NASA officials as they tried to meet unrealistic launch dates for the space shuttle Discovery, some members of an oversight panel said in a scathing critique.
Poor leadership also made the shuttle's return to space more complicated, expensive and prolonged than it needed to be, the seven task force members said.
In fact, some of the "disturbing" traits that contributed to the Columbia tragedy - like smug, overbearing managers influencing key decisions - were still present in the months leading up to Discovery's flight, the panelists said.
"We expected that NASA leadership would set high standards for post-Columbia work ... We were, overall disappointed," they wrote.
The critique by the seven was included in the final report of the full 26-member task force, which was released Wednesday. NASA planned a news conference for Thursday, reports the AP.
According to MSNBC the critics include a former shuttle astronaut, former undersecretary of the Navy, former Congressional Budget Office director, former moon rocket engineer, retired nuclear engineer and two university professors.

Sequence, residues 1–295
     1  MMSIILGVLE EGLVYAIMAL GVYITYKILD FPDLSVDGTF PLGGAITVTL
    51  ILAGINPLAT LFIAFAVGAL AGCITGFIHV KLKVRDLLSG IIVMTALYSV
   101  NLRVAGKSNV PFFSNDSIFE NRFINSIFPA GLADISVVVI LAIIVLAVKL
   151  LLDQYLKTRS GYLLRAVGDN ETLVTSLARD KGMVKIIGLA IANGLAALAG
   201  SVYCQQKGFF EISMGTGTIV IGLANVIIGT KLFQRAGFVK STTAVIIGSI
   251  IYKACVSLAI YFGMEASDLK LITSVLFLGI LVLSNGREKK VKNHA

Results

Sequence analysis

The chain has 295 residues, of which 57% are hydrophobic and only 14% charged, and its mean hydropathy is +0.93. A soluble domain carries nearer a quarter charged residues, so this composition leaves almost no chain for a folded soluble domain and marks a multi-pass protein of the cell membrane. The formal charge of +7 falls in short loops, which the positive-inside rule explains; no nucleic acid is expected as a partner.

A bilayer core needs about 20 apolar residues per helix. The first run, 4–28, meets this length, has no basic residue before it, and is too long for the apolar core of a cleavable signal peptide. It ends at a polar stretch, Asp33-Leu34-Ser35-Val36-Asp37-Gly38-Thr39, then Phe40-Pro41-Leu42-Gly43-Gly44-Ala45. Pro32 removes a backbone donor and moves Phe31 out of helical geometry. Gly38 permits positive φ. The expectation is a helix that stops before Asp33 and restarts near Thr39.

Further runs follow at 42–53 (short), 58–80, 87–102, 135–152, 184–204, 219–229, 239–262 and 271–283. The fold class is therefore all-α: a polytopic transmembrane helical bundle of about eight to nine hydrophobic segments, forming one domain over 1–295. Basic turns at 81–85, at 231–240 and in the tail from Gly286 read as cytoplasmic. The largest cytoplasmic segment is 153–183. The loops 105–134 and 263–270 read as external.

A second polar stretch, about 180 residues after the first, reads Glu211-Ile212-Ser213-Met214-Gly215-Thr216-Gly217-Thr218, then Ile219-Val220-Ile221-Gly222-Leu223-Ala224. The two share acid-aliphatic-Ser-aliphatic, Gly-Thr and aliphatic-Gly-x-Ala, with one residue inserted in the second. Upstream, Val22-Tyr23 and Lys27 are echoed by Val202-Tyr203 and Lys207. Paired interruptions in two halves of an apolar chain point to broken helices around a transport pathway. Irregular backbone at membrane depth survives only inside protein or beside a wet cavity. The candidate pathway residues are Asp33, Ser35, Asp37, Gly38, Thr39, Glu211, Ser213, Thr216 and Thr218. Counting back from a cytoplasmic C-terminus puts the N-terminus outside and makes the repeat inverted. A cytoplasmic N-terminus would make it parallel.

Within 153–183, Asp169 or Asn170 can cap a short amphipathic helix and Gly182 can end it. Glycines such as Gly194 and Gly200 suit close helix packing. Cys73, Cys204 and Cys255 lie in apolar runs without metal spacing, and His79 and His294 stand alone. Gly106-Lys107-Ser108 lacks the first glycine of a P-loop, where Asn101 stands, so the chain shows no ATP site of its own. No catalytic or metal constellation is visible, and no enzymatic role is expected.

“NASA needs to learn the lessons of its past ... lessons provided at the cost of the lives of seventeen astronauts,” they said, referring to the seven killed aboard Columbia and 10 others who died in the Challenger and Apollo 1 accidents years earlier.
In a teleconference with reporters, task group leaders Thomas Stafford and Richard Covey, both former astronauts, distanced the panel from the individuals' opinions, which were included in the final report as supplemental papers.
"Those observations stand on their own," Covey said. "We're not going to comment on those."
In a preliminary report released in June, the panel said NASA failed to meet fully the three most critical recommendations of the Columbia Accident Investigation Board, informs Washington Post.
Deputy Ambassador of the Czech Republic to Russia, Lubos Vesely, was among 20 diplomats, who were expelled from the Russian Federation